Santa Cruz County History - People

Old Soldiers: Santa Cruz County Civil War Veterans
by Robert L. Nelson


Santa Cruz Sentinel (March 6, 1928)

DIED; DONNELL- In Santa Cruz, March 4, 1928 Henry Scott Donnell, aged 84 years, native Bath Me.

Retired S.P. Engineer Dies at Local Hospital

Henry Scott Donnell, died at Hanly hospital, Santa Cruz, March 4th 1928. He was born in Bath Maine, in 1844. In 1860 he ran away from home and joined a Massachusetts regiment in the Civil War. He remained in the army until the end of the war. He was wounded and taken prisoner and remained in Libby Prison for six months. About 1868 he came to California and joined a surveying party under Col. Ives, who was then the principal exploring engineer of the Central Pacific railroad. He remained with Col. Ives for some years, and suffered great hardships on many trips, especially on the Humboldt Desert in Nevada. He then joined the Central Pacific Railroad as assistant in the engineering department and remained with them until 1877 when he became assistant engineer in charge of tunnel No. 3 on the South Pacific Coast railroad then being built from San Francisco to Santa Cruz. This tunnel crosses the line of the fault which caused the earthquake in San Francisco in 1906, and at this point many seams of petroleum gas were opened up. One night two explosions took place, which killed twenty-seven Chinamen. Some of them were working in the tunnel at the time and were killed by the first explosion. Others went afterwards to save their comrades and were killed by the second explosion. He remained with this company until 1880 when he went to Oregon and became assistant engineer on the location and construction of the Oregonian Railroad from Ray's Landing to Brownsville. This line afterwards passed into the hands of the Southern Pacific Company. He remained on this work until about the year 1882, when he joined the Southern Pacific construction forces in Cow Creek Canyon, Oregon, and remained on this work until the year 1887, when he went to Los Angeles to work for his son-in law, J. H. Quinton. He did various work in Los Angeles, including the construction of the San Gabriel Valley Rapid Transit Railroad, and he made the first topographical survey of Westlake Park in that city. He returned to Oregon in 1888 and joined the Southern Pacific company again as road master and remained with them until about 1905, when he went to Colorado to work for the Reclamation Service, and was two years on the construction of the Gunnison Tunnel in the Uncompahgre Valley, Colorado, and on that of the Strawberry Tunnel, Utah. About the year 1908 he returned to work for the Southern Pacific company as road master in Oregon and remained with that company until he retired on a pension about the year 1919. Since that time he has lived in Santa Cruz where his devoted wife died in 1920.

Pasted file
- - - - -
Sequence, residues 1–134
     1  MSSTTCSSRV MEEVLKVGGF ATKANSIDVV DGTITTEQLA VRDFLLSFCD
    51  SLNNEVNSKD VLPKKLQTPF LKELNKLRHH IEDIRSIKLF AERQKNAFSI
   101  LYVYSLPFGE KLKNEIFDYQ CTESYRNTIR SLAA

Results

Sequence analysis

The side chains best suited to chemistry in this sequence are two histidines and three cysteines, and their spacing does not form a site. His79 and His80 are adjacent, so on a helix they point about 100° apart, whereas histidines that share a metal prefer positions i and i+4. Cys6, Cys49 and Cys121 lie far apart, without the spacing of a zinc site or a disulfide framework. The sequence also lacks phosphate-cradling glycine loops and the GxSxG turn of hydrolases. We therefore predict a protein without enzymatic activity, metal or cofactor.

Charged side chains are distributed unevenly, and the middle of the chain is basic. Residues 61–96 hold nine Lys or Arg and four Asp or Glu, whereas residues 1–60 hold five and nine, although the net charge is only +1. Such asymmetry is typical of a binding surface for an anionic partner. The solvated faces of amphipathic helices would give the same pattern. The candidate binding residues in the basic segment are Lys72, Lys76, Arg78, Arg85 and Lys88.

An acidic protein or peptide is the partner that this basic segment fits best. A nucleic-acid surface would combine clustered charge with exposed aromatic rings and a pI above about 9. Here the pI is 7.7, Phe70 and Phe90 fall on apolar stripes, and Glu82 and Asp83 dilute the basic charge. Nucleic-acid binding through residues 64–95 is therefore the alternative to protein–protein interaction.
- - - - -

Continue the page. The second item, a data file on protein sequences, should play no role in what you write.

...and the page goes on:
He was a conscientious, painstaking and industrious engineer, and was a hard worker all his life. He had a most magnetic personality, and made hosts of friends wherever he went. He was a good husband, a good father to this wife's children and a good man.

The body was shipped last night to Los Angeles for burial.

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